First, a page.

Tag Archives: Nigel Farage

Party Leader Election Debates

Bear with me on this one, I actually wrote it last week prior to last night’s 7-way leader’s debate broadcast. Although I’m feeling perfectly vindicated as the whole thing more or less confirmed my suspicions as detailed below….

UK politics were treated to another novel concept this election cycle, the slightly oddly formatted affair on Channel 4 that saw Cameron and Miliband grilled separately in quick fire succession by the tenacious Jeremy Paxman, in addition to a small studio audience. It felt like a dense affair with little breathing room, as both leaders were put under no small amount of pressure by their inquisitors. Snap opinion polling gave the nominal win over the affair to Cameron by an order of 54 to 46, but the small margin has seen some commentators claim that, due to low expectations, Miliband was the actual victor.

Various other subsidiary metrics were gleaned via polling, relating to matters such as leadership quality, world standing, likeability, veracity etc., but really it’s hard to measure what if any genuine impact the event will have on the election. Reactions from journalists, politicos and the average observer seem to pretty much boil down to confirmation bias, and the much vaunted “undecided” are unlikely to pin their ultimate decision down to what they witnessed. It largely felt like a vapid presentation piece during which we learned nothing new, and the best a sceptic might say is that it was entertaining to watch both leaders squirm a bit.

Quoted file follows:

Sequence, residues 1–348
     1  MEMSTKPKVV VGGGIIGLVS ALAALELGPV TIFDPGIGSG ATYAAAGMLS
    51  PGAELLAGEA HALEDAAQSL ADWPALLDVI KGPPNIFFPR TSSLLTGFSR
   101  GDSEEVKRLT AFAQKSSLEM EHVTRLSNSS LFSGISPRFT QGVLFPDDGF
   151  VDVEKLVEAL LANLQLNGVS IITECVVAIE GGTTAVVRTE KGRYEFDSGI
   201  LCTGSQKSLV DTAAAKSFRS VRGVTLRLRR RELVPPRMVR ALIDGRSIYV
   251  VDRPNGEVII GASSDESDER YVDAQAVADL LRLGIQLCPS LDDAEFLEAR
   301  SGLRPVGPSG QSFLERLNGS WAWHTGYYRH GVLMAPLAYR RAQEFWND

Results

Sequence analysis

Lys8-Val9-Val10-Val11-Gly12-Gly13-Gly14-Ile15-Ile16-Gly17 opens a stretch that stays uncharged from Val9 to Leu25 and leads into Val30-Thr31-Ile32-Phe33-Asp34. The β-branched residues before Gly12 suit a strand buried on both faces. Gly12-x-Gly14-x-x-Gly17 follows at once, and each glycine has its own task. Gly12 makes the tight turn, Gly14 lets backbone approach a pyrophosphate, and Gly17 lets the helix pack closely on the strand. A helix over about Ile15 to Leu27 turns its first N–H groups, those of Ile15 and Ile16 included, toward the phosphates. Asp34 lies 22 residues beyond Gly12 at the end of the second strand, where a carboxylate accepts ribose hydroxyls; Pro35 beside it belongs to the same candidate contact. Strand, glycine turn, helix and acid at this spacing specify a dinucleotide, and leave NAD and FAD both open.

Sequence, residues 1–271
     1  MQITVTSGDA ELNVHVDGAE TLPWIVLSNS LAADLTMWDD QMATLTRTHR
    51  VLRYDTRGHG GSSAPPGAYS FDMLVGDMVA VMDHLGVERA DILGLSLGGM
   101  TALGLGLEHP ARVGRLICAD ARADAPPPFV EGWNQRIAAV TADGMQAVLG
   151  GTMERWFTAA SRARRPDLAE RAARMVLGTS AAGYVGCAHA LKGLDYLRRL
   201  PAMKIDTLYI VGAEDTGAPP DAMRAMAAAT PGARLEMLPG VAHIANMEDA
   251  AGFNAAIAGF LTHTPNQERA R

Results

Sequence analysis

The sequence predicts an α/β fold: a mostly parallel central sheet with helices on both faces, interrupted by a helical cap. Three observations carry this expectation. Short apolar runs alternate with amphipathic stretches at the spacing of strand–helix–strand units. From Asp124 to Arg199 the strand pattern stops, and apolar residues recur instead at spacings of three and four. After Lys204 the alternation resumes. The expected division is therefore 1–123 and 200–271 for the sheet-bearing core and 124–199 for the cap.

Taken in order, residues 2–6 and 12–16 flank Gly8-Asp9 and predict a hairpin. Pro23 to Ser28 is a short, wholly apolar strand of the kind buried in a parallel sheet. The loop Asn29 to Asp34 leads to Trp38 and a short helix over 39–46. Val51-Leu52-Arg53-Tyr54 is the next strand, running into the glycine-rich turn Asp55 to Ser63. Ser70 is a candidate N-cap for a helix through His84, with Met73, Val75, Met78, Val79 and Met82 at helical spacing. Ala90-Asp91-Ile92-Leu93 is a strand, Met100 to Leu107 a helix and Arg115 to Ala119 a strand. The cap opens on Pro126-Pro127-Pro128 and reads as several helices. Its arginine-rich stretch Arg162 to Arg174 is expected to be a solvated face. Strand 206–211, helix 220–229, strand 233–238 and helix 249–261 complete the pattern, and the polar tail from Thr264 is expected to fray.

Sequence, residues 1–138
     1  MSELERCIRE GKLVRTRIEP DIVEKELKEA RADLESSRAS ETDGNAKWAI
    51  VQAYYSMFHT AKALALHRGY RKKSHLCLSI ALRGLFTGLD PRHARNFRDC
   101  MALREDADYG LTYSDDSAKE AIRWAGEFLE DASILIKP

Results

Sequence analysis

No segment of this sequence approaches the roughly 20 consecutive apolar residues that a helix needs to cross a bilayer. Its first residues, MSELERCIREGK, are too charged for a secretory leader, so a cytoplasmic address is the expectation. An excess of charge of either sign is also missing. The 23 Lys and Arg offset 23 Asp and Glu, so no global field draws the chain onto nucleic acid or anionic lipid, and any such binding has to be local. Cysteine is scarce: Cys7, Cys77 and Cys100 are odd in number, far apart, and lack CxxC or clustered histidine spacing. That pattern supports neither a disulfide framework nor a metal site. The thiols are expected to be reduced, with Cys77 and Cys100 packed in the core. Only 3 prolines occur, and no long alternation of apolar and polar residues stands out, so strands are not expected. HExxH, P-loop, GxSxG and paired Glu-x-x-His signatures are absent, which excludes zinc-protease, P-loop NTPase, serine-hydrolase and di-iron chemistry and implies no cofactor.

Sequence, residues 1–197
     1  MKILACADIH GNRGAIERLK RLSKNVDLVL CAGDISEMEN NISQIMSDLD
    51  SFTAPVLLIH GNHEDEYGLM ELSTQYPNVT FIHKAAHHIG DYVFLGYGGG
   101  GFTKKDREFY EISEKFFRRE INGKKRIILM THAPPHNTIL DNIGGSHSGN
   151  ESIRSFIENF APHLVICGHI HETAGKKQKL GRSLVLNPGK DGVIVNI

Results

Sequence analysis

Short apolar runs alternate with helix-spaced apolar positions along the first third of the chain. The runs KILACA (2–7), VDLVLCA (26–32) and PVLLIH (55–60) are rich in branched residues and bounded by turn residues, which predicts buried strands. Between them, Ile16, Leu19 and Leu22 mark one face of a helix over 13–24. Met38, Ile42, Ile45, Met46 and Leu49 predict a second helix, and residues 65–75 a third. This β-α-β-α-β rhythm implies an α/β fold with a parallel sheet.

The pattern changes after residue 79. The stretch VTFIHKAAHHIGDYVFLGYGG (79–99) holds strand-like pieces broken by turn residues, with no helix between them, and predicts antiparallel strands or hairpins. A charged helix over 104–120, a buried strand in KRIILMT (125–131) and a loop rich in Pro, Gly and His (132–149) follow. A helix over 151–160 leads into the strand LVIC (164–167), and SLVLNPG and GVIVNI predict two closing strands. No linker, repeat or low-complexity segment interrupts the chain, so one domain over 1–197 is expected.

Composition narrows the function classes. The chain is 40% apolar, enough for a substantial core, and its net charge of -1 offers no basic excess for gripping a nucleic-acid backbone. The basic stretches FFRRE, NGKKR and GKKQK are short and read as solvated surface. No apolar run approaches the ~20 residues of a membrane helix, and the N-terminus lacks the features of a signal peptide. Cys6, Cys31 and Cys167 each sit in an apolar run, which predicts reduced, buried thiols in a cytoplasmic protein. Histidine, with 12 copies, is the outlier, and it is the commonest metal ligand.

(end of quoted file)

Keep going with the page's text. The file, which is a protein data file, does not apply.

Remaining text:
Frankly, these leadership-oriented events are something of a betrayal of the traditional nature of British politics and a further step in the trend towards imposing a presidential sort of perception on things. For anything that adequately and accurately represents how the Westminster machine still really ticks you would have to include at least the Chancellor of the Exchequer and the Home Secretary. But given the tedious palava that were the negotiations to establish this year’s varied set of cross-party forums, such an eventuality would probably be beyond the capabilities of the broadcasters and parties to achieve.